This experiment examined decisions made by teachers using only status data with those made by teachers using growth and status data. Middle school math teachers from five schools within a single school division located in Virginia participated in the study. Participants were randomly assigned to either the status only or growth and status group. They were then asked to analyze a sample set of class data and complete a survey in which they rated the success of four types of students, identified teacher strengths and weaknesses, and rated their confidence in and the usefulness of the data received. Teachers with access to growth and status data differed significantly in their ratings of three of the four types of students. Students with high growth/low achievement were rated more favorably by teachers with growth and status data (p < .05). Students with low growth/high achievement and those with low growth/low achievement were rated less favorably by teachers with access to growth and status data (p < .05). Teachers with access to growth and status data also chose different strengths and weaknesses than those with access to only status data. Teachers did not differ significantly in their confidence in the data or the perceived usefulness of the data, although limitations may have influenced this finding.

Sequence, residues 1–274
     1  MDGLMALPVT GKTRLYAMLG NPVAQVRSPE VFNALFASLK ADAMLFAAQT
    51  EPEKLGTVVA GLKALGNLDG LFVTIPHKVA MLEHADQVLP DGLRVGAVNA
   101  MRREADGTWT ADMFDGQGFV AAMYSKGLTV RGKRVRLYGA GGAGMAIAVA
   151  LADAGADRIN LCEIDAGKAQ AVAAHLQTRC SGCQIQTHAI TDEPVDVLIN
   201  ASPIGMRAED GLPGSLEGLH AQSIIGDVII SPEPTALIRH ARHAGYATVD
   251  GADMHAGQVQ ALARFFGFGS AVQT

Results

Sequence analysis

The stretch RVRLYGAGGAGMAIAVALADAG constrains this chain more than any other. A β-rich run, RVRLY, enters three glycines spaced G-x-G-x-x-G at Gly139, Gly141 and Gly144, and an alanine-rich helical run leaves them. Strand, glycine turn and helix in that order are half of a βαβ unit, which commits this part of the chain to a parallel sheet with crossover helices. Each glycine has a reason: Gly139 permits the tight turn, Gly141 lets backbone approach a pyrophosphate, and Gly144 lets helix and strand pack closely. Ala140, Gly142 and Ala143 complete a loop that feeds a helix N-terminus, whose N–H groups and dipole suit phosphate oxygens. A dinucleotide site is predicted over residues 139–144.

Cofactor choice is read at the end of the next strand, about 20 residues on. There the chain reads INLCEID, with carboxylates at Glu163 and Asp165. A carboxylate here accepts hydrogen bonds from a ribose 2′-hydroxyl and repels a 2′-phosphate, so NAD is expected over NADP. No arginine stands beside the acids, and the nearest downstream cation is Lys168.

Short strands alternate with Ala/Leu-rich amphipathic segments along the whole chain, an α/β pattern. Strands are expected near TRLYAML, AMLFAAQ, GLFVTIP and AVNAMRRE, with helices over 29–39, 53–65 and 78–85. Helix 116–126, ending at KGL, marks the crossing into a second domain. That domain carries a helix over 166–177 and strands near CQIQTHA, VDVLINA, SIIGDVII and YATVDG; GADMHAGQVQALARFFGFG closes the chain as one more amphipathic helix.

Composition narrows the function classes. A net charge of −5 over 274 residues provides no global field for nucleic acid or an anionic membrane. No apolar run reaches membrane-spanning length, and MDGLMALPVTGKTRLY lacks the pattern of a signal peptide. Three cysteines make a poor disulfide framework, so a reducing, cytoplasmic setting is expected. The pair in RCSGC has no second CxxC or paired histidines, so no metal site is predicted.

|Commitee:||Bryant, Nita, Cauley, Kathleen, DeMary, JoLynne|
|School:||Virginia Commonwealth University|
|School Location:||United States -- Virginia|
|Source:||DAI-A 72/04, Dissertation Abstracts International|
|Subjects:||Educational tests & measurements, Instructional Design|
|Keywords:||Education, Experimental study, Growth data, Standardized testing, Status data|
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